Why ‘de­crim­i­nal­ize’ adul­tery in Va.

Richmond Times-Dispatch - - OP/ED - BY SCOTT SUROVELL AND CHRIS FREUND Scott Surovell prac­tices fam­ily law and rep­re­sents the 36th District in the Se­nate of Vir­ginia. Con­tact him at scott@ scottsurov­ell.org. Chris Freund is vice pres­i­dent, Govern­ment Re­la­tions and Com­mu­ni­ca­tions, with The F

Nearly every­one knows some­one who has been through a di­vorce. Many of us have fam­ily, friends or ac­quain­tances whose mar­riages have ended due to adul­ter­ous re­la­tion­ships and the ac­com­pa­ny­ing emo­tional trauma. Un­for­tu­nately, many are un­able to get the jus­tice they de­serve in their di­vorce pro­ceed­ings be­cause Vir­ginia law clas­si­fies adul­tery as a crime, which ac­tu­ally causes more prob­lems than it solves.

To­day, adul­tery is clas­si­fied as a crim­i­nal mis­de­meanor pun­ish­able by a max­i­mum penalty of a $250 fine, but it is rarely if ever pros­e­cuted. While it might seem con­fus­ing that “de­crim­i­nal­iz­ing” adul­tery would make it eas­ier to hold peo­ple ac­count­able, the rea­son is pretty sim­ple: the Fifth Amend­ment.

In crim­i­nal cases, a judge or jury is pro­hib­ited from as­sum­ing some­one is guilty if they choose not to tes­tify. But, so long as adul­tery is a mis­de­meanor in Vir­ginia, lit­i­gants can hide be­hind their Fifth Amend­ment priv­i­lege in civil cases with few con­se­quences.

With­out an ad­mis­sion, adul­tery is much harder to prove be­cause (1) Vir­ginia law re­quires a higher stan­dard of proof and cor­rob­o­ra­tion for adul­tery, which is of­ten very dif­fi­cult to meet, and (2) un­like other states, Vir­ginia pro­hibits civil courts from as­sum­ing a lit­i­gant’s an­swers would not be help­ful to their case due to our long tra­di­tion re­spect­ing the ex­er­cise of con­sti­tu­tional rights. Our Vir­ginia Dec­la­ra­tion of Rights is a sa­cred doc­u­ment that led the way for sim­i­lar rights dec­la­ra­tions all around the world, in­clud­ing the United States Bill of Rights, and Vir­ginia law pro­hibits a judge or jury from mak­ing any as­sump­tions what­so­ever if lit­i­gants as­sert their con­sti­tu­tional right to re­main silent, even in civil cases.

So in Vir­ginia, in­stead of sim­ply ask­ing some­one, “Did you have sex with Mrs. Smith?” lit­i­gants are forced to spend thou­sands of dol­lars try­ing to prove cir­cum­stan­tially be­hav­ior that hap­pens be­hind closed doors, hir­ing pri­vate in­ves­ti­ga­tors, sub­poe­naing ho­tels, credit cards and Vi­a­gra pre­scrip­tion records, and un­nec­es­sar­ily in­vest­ing in at­tor­neys in ar­cane le­gal bat­tles about whether a spouse waived their con­sti­tu­tional right by an­swer­ing a ques­tion about a plane ticket. Many peo­ple sim­ply can­not af­ford to go to those lengths.

All of this is un­nec­es­sary and forces di­vorc­ing spouses to spend mil­lions of dol­lars per year on lawyers be­cause Vir­ginia con­tin­ues to keep a statute on the books that is pros­e­cuted less fre­quently than the ci­cada cy­cle.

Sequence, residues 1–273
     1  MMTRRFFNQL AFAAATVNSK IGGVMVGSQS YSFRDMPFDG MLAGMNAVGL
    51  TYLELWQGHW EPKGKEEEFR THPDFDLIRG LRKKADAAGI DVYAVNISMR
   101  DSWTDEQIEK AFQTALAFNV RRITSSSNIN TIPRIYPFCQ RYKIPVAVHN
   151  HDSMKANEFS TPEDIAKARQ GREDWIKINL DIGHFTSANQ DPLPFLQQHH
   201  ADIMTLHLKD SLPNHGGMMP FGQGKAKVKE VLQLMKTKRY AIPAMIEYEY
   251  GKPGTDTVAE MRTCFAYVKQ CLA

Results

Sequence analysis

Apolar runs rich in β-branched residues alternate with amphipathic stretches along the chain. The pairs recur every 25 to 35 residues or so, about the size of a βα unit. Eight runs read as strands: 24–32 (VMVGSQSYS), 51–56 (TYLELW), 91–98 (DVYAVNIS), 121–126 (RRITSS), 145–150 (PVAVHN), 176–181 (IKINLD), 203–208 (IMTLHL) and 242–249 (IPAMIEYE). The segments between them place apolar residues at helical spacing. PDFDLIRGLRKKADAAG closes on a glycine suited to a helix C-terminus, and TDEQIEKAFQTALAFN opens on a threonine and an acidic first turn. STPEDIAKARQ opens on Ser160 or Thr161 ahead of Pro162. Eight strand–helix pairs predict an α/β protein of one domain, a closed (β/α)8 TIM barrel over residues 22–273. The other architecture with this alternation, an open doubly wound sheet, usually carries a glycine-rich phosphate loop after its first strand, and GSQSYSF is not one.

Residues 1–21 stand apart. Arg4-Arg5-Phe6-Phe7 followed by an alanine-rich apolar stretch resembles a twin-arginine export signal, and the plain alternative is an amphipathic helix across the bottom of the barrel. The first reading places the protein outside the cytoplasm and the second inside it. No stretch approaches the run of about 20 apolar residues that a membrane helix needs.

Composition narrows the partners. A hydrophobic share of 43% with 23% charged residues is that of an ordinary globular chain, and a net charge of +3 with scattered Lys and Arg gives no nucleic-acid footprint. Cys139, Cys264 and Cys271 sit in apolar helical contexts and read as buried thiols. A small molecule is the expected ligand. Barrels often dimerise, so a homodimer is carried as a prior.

Chang­ing the penalty for adul­tery from “crim­i­nal” to “civil” — as pro­posed in Se­nate Bill 1124 in this Gen­eral Assem­bly ses­sion — would fix the prob­lem be­cause adul­ter­ous spouses could no longer “take the Fifth”; they would have to an­swer ques­tions and face con­se­quences.

While Vir­ginia adopted no­fault di­vorce in 1975, we re­tained a di­vorce based on fault, in­clud­ing adul­tery. Adul­tery-based di­vorces are still im­por­tant to some Catholics seek­ing church an­nul­ment and some evan­gel­i­cal wor­shipers. In fact, many in the faith com­mu­nity who have se­ri­ous con­cerns over the im­pact of no-fault di­vorce should wel­come chang­ing the penalty for di­vorce from crim­i­nal to civil.

Of­ten, vic­tims are forced into no-fault di­vorces be­cause they can’t prove adul­tery, al­low­ing un­faith­ful spouses to ex­pe­ri­ence rel­a­tively few con­se­quences. For ex­am­ple, Vir­ginia law pro­hibits adul­ter­ous spouses from re­ceiv­ing spousal sup­port un­less it re­sults in a man­i­fest in­jus­tice and also al­lows a court to con­sider adul­tery dur­ing prop­erty divi­sion if the adul­tery had an eco­nomic im­pact, such as the loss of a job or an adul­ter­ous spouse spend­ing mar­i­tal funds on a paramour.

It is also im­por­tant that Vir­ginia re­tain adul­tery on the books as a civil in­frac­tion. Vir­ginia rec­og­nizes ac­tions by em­ploy­ees for wrong­ful ter­mi­na­tion if they are fired for re­fus­ing to break laws. If adul­tery is still on the books as a civil in­frac­tion, then an em­ployee can still sue their em­ployer if they are fired for re­fus­ing to en­gage in an adul­ter­ous af­fair.

While de­crim­i­nal­iz­ing adul­tery in Vir­ginia might re­duce Christ­mas bonuses for a few di­vorce lawyers and pri­vate in­ves­ti­ga­tor firms, it will lower un­nec­es­sary lit­i­ga­tion ex­penses, in­crease ac­count­abil­ity for dis­hon­est be­hav­ior, and still hold em­ploy­ers ac­count­able while pro­tect­ing Vir­ginia’s con­sti­tu­tional tra­di­tions and help­ing in­no­cent di­vorc­ing spouses keep more of their money for more im­por­tant things like pro­vid­ing health care for and ed­u­cat­ing their chil­dren.

We’re not try­ing to mak­ing it eas­ier to cheat on spouses; we’re ac­tu­ally try­ing to make our ex­ist­ing sys­tem work bet­ter. It’s time Vir­ginia’s laws caught up with prac­ti­cal re­al­i­ties for the ben­e­fit of adul­tery’s vic­tims.

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